Stuart Immonen - Star Wars #8, p.10
Stuart Immonen – Star Wars #8, p.10 © Stuart Immonen / Marvel

The Zabrak has his own way on dealing with rebels : he launches his customers on the young Luke while he stays behind his bar, safe from any trouble. The fight happens so fast there is any transition between the arrival of Luke in the bar and the exchange of blows. Besides, this isn’t a fair fight : Luke is on his own, surrounded by a crowd of angry customers. But the young jedi-to-be isn’t unarmed, as seen on the last panel. He unsheathed his light-saber, ready to fight back.

Unlike some artists, Stuart Immonen has kept a regularly composed layout. The idea of speed and action is given by the massive body of Luke Skywalker falling after a projection, which goes beyond the panel’s lines.

Stuart Immonen - Star Wars #8, p.11-12
Stuart Immonen – Star Wars #8, p.11-12 © Stuart Immonen / Marvel

The last page I’d like to talk about takes place back on Monsula Nebula. We find again Leia, Han and Sana as we have left them, Han being trapped between the two women of his life. Only this time, both are armed, but if Leia is pointing her guns at the Solos, Sana’s on Leia. Having some trust issues, Leia prefers to keep here distance with Han Solo – despite all the have been through since the first time they meet – and considers him as an enemy, just like Sana. She’s ready to fight for herself, she isn’t a helpless princess lost in the universe. This strange behaviour confuses Han, who doesn’t understand why Leia’s acting like this. But after all, like Sana, Han is a space pirate, and the head of Leia could get him a lot of imperial credits. What will happen to them in the next issue, and in the future of the series, for Leia to trust Han again. And what about Sana ? Will she die at some point, or just disappear in the universe ? Will she make an appearance in the new Star Wars movie on December 2015 ?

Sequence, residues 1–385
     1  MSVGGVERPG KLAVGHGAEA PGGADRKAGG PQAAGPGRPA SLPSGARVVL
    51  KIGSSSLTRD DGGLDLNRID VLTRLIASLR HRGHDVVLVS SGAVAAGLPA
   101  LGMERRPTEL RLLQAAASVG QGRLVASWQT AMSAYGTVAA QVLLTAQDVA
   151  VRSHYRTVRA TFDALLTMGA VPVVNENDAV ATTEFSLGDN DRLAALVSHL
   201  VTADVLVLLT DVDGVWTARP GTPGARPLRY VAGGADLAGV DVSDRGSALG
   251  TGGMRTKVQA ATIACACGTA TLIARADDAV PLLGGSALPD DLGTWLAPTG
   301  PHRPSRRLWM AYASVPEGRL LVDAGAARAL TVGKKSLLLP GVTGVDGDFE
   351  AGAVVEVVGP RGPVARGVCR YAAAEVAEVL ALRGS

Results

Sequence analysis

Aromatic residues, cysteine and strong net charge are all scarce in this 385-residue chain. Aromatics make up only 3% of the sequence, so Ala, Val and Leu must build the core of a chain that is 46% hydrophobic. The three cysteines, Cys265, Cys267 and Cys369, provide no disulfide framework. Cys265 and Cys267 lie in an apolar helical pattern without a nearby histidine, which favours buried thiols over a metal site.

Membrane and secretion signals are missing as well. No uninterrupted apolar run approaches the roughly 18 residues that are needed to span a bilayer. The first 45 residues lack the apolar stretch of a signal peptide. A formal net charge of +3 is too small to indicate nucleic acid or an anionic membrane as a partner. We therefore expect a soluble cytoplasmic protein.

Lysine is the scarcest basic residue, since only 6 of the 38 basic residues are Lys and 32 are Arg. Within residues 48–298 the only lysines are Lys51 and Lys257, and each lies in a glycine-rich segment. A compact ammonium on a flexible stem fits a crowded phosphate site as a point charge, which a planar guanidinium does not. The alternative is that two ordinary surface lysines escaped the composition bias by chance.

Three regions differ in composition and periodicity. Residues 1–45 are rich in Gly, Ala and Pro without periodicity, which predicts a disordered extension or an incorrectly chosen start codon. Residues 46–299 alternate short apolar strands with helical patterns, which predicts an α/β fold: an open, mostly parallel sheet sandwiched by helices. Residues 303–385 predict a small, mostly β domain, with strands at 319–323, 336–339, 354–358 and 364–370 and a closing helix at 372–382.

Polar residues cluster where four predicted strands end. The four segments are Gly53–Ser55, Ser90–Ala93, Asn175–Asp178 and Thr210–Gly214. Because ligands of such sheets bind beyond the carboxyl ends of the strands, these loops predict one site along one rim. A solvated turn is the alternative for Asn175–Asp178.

Stuart Immonen - Star Wars #8, p.19
Stuart Immonen – Star Wars #8, p.19 © Stuart Immonen / Marvel

Continuing where John Cassaday have left his characters, Stuart Immonen gives them his own personal touch. Now that we saw both Salvador Larroca‘s and John Cassaday’s Darth Vader, I can’t wait to see Stuart Immonen‘s. Let’s be honest, isn’t Darth Vader your favorite character in the Star Wars universe ?